convinced of the dangers of Ebola and are providing significant amounts
of medical and humanitarian aid.
At the time I am writing this IAE Newsletter,
it appears that good progress is being made in developing Ebola
vaccines that can help prevent Ebola, and drugs that will be effective
in treating Ebola. However, even if effective vaccines and drugs are
developed, the world still faces the problem of getting widespread
acceptance of their use.
Research and development in the natural sciences have contributed
immensely to improvements in quality of life and standard of living in
our world. That is one of the driving forces that lead scientists to
devote their lives to advancing the frontiers of their fields of study.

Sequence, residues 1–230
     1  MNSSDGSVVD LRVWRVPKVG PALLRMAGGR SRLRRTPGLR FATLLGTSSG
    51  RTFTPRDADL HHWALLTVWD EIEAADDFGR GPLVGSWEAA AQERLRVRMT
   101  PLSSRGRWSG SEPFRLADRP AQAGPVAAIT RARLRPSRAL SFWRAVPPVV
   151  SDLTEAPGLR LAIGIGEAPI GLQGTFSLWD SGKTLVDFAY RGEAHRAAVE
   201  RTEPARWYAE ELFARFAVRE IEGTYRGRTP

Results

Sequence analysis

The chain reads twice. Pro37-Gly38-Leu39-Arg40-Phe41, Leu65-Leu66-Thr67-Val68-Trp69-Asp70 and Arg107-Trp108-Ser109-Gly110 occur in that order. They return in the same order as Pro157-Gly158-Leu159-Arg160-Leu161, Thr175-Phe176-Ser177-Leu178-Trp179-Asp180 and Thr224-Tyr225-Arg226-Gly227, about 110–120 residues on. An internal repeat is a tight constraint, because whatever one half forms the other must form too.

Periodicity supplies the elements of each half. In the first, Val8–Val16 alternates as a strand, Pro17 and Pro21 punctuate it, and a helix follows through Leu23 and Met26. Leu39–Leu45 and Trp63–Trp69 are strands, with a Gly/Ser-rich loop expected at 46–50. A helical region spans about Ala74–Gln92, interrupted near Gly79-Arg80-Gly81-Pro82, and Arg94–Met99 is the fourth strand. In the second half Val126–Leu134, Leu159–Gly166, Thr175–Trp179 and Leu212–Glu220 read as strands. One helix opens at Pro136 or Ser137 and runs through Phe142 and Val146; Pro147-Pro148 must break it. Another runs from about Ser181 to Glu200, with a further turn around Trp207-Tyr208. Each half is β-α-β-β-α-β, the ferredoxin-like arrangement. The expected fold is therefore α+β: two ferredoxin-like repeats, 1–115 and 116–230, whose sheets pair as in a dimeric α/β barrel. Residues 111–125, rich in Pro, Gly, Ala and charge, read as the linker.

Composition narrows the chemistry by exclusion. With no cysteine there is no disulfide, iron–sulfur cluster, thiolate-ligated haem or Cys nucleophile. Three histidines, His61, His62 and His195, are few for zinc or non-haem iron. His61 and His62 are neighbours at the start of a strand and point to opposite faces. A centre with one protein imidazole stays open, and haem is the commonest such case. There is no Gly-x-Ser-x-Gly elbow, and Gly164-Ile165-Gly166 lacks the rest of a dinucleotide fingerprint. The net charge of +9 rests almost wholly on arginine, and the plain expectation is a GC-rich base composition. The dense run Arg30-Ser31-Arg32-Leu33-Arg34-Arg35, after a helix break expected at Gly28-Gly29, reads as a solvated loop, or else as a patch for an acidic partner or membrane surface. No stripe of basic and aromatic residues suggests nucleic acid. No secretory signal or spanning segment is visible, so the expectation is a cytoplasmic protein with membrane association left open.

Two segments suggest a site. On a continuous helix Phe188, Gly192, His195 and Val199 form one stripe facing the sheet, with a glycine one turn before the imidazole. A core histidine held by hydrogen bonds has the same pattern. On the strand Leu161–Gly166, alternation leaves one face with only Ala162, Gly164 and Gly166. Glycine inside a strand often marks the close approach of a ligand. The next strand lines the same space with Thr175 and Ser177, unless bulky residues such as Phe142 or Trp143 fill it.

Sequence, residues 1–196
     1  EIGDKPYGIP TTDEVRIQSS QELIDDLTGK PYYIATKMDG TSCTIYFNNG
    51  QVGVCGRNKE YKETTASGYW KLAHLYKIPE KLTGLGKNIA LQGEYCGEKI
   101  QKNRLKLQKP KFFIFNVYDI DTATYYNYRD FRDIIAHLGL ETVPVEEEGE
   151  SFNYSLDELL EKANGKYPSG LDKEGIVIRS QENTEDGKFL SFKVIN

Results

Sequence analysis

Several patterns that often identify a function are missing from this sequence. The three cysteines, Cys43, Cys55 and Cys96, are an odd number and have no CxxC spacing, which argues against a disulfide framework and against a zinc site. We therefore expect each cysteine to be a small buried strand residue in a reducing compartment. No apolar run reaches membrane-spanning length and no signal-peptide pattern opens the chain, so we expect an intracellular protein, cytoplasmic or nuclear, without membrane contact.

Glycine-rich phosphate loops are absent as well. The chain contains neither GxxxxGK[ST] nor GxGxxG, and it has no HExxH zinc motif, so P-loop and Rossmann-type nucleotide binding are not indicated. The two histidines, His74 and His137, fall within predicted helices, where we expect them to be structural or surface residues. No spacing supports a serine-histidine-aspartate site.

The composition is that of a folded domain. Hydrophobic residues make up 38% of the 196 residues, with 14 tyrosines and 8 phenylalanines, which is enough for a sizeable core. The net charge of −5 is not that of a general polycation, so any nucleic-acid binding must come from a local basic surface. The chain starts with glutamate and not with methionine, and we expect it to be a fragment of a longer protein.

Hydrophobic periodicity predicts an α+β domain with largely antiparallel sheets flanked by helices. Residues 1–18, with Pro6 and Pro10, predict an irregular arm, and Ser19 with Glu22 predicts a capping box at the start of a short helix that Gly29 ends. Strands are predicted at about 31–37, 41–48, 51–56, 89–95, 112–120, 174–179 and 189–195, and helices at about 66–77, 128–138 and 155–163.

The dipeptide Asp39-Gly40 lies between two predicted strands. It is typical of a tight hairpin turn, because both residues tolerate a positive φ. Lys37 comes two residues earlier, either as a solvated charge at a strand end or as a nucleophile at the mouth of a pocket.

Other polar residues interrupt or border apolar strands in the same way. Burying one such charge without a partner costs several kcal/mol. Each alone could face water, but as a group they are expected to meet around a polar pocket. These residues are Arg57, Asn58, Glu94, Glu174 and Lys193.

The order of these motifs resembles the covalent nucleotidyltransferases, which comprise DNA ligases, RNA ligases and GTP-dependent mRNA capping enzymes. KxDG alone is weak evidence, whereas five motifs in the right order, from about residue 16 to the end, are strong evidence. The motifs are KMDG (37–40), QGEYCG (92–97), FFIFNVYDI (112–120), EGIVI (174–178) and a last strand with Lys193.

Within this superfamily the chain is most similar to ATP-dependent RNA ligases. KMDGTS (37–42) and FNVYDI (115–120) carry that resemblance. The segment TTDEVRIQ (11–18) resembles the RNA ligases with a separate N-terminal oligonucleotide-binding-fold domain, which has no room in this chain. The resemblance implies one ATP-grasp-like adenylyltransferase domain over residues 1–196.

However, there are many people who do not understand and/or who do not
accept the credibility and validity of results from research in the
natural sciences. This is a challenge to our informal and formal
educational systems. History suggests that over time, the validity of
research in the natural sciences will eventually prevail with a
dominant majority of people.
David Moursund earned his doctorate in mathematics from the
University of Wisconsin-Madison. A few highlights of his professional
career include being the first Chair of the Department of Computer
Science at the University of Oregon, founding the International Society
for Technology in Education (ISTE), serving as ISTE’s executive officer
for 19 years, and establishing ISTE’s flagship publication, Learning and Leading with Technology (now named entrsekt).
He was a major professor or co-major professor of 82 doctoral
students—six in Mathematics and 76 in Education. He has authored or
coauthored more than 60 academic books and hundreds of articles. He has
presented hundreds of professional talks and workshops.